Trapania hispalensis feeding on endoprocts.
The diet of the opisthobranchs is very varied; the species that belong to the orders of anaspideos and sacoglosos are herbivores and the rest, with some exceptions in cefalaspideos, are carnivores.
As we descend in the taxonomic classification, specialization increases, so that some species only feed on one type of prey. These are reflected in the radula which, as mollusks, is the structure they use to feed themselves. The sacoglosos have it adapted to break the strong walls of the vegetable cells and to be able to suck their content. Some sacoglossus species retain chloroplasts and these remain functional for a while. The name of sacoglosos comes from a sack where it gathers the old teeth of the radula.
The greatest variation in the shape of the radula occurs in the nudibranchs and within them in the doridáceos, due to the diversity of prey on which they feed. The species that feed on sponges have, in general, radules with numerous rows of curved teeth which are very similar to each other. Those that prey on bryozoans, ascidians or other prey, such as the European Tyrannodoris that preys on other doridáceos, have a lower number of rows and the shape of the teeth usually varies from the outside to the interior of the radula.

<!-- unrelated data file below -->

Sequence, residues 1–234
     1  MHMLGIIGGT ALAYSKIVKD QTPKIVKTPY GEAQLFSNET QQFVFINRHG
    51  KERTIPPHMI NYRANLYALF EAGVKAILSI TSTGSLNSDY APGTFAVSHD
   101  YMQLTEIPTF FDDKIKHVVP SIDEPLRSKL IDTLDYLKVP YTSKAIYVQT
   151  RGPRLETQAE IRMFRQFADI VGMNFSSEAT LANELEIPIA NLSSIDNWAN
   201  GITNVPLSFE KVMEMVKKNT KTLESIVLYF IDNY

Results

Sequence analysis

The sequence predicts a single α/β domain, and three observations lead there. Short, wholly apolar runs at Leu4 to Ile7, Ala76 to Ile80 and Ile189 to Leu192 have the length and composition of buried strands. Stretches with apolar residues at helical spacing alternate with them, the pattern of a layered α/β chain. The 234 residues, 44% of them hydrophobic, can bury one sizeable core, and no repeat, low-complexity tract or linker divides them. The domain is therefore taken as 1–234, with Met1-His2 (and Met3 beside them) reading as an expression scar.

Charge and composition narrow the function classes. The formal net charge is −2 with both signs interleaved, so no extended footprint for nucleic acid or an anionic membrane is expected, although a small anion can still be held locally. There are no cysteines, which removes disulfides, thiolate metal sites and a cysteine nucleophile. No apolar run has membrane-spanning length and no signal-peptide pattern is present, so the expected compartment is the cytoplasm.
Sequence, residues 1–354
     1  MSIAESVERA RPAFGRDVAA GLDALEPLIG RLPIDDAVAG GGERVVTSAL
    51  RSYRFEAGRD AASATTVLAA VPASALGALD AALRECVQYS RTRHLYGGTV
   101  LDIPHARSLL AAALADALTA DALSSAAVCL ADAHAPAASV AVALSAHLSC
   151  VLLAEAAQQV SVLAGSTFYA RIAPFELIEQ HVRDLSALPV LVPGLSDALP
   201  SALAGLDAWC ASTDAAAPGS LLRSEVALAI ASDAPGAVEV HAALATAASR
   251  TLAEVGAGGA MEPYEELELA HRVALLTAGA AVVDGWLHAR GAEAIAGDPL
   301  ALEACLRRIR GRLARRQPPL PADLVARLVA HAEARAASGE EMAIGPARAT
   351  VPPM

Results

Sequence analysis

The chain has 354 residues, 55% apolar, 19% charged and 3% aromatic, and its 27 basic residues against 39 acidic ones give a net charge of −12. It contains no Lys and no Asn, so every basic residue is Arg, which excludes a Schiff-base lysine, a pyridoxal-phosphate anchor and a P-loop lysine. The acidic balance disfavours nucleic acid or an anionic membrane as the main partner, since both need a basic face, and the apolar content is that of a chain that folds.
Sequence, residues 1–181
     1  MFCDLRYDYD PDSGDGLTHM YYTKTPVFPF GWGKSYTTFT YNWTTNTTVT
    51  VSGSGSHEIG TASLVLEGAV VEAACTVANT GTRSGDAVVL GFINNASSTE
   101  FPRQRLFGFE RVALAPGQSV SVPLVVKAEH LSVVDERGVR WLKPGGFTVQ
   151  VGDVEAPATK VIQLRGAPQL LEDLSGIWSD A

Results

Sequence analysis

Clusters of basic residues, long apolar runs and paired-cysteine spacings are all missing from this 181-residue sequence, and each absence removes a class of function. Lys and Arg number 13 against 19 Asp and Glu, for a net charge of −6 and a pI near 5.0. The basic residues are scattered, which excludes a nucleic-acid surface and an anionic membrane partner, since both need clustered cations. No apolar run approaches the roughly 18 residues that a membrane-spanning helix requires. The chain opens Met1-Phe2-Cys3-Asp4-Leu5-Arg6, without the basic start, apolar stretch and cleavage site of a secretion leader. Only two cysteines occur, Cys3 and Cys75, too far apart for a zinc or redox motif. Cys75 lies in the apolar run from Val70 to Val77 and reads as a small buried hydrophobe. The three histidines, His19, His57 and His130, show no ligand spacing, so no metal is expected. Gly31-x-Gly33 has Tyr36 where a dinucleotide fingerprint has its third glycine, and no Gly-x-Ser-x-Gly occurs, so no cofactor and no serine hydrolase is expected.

The species of the genus Trapania are specialized in the capture of endoprocts, small filtering animals that live fixed on sponges, ascidians, etc. Its radula has only two rows of teeth with denticles, which give them the appearance of rakes and with them, instead of collecting leaves, they remove the endoprocts from the substrate (sponges, ascidians, etc.)
Another structure that intervenes in the feeding, along with the radule, is the labial cuticle, a kind of lamina, normally, with numerous dentacillos denominated uncinos, which allows them to obtain a certain fixation to the substrate while they scrape its surface.
The radule of the Aeolideidae has few rows of teeth, with the center highly developed, and is surrounded by a strong jaw with which it retains its prey.
This group of nudibranchs normally feeds on cnidarians, with some exceptions such as: Godiva quadricolor, invasive species from South Africa, which feeds on other aeolids, polychaetes, etc.
Favorinus branchialis of nudibranch eggs
Some opisthobranchs, such as those belonging to the family Dendrodorididae, lack a radule and use instead a kind of tube with which they absorb their food.
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- Rudman, W.B. & Berquist, P.R.,2007. A review of feeding specificity in the sponge-feeding Chromodorididae (Nudibranchia: Mollusca). Molluscan Research 27(2): 60–88.
LUIS SÁNCHEZ TOCINO